Scheme 9 from Empty Space (s9fes) is a work-in-progress implementation of Scheme, only experimentally ported to Plan 9. The compilation is simple enough, issuing ‘mk’ in the root source directory. However, properly making use of all of the libraries it comes with requires five minutes of configuration.

For the sake of organisation,

    term% mkdir $home/path/to/s9fes/sys # a rose by any other name...
    term% cp $home/path/to/s9fes/s9.^(scm image) $home/path/to/s9fes/sys
    term% mkdir $home/lib/s9fes

then making use of such, we do the following because s9fes uses environment variables, in the spirit of modern UNIX, to find its essential files (i.e., libraries and images):

    term% echo '#!/bin/rc

            s9inst=$home/path/to/s9fes

            for(i in lib contrib sys)
                bind -a $s9inst/$i $home/lib/s9fes

            S9FES_LIBRARY_PATH=$home/lib/s9fes

            $s9inst/s9' > $home/bin/rc/s9
    term% chmod +x $home/bin/rc/s9

and invoke the script s9 for actual use. Aside from the creation of lib/s9fes, which is a trade-off for organisation, this configuration is noninvasive and upgrade withstanding, for use until the Plan 9 port is finalised.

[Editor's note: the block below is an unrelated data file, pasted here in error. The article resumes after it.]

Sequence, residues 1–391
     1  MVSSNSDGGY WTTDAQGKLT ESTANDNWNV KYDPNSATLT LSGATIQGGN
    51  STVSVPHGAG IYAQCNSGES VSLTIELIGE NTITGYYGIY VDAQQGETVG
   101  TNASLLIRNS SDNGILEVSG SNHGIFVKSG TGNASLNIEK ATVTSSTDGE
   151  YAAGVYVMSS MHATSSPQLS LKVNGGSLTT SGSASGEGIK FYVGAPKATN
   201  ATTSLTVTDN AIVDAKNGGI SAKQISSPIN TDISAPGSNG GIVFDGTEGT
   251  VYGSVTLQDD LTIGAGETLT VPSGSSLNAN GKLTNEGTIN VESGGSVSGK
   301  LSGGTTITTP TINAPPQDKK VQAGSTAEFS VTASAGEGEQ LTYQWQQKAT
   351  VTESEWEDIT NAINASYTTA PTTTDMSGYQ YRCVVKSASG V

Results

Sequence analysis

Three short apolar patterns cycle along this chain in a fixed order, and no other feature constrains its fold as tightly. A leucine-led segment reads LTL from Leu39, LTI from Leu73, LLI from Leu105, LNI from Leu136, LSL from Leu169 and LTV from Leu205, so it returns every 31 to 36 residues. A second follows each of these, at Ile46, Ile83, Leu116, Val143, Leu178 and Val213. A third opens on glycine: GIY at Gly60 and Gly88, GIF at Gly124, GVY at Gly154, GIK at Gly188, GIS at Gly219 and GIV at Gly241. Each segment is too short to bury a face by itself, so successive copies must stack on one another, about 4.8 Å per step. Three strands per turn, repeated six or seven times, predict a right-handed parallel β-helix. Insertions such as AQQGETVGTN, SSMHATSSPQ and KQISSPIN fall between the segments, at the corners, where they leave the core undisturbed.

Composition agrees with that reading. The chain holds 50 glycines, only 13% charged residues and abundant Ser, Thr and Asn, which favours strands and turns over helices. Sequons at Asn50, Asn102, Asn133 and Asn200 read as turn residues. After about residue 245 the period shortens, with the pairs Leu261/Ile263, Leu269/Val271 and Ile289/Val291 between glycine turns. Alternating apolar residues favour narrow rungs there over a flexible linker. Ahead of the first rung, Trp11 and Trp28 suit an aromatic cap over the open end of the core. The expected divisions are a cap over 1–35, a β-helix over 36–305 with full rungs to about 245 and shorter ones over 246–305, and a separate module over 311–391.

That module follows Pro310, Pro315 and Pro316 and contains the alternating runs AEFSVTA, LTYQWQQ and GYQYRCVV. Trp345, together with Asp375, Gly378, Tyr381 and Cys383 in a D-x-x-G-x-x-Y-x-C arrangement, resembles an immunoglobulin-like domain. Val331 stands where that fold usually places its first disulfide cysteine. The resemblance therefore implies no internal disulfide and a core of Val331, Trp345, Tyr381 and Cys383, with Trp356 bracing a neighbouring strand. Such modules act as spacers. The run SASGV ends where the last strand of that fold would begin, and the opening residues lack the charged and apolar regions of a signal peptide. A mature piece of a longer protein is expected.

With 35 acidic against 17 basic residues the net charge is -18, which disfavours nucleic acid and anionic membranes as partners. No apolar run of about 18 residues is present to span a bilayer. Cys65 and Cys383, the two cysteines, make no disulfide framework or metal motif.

N.B.: In the above script, it might be necessary to define LIBDIR=$S9FES_LIBRARY_PATH – on modern UNIX systems, $S9FES_LIBRARY_PATH is a colon-separated list of paths containing scm and image files for s9fes, while $LIBDIR is the specific system-wide copy of s9fes/lib. On Plan 9, however, we don’t require the distinction due to the use of binds (and all library file names have to be distinct anyways, due to the way they are loaded from within s9fes).

Troff realtime preview for acme. (2009/07/17)

A while ago Russ Cox posted this script to keep a realtime preview of a troff document being edited with Acme:

One really nice thing about troff is that it is very fast. It hasn’t changed appreciably in decades, so it is riding out the hardware performance improvements quite nicely.

I was marvelling about how when I middle-click a troff | page command line in acme it just pops up instantly, and I decided to write a little shell script to do that for me.

This script watches the acme window it is executed in, and every time you type a newline or cut/paste with the mouse, it re-runs troff with the window contents, updating a postscript file being watched by gv –watch.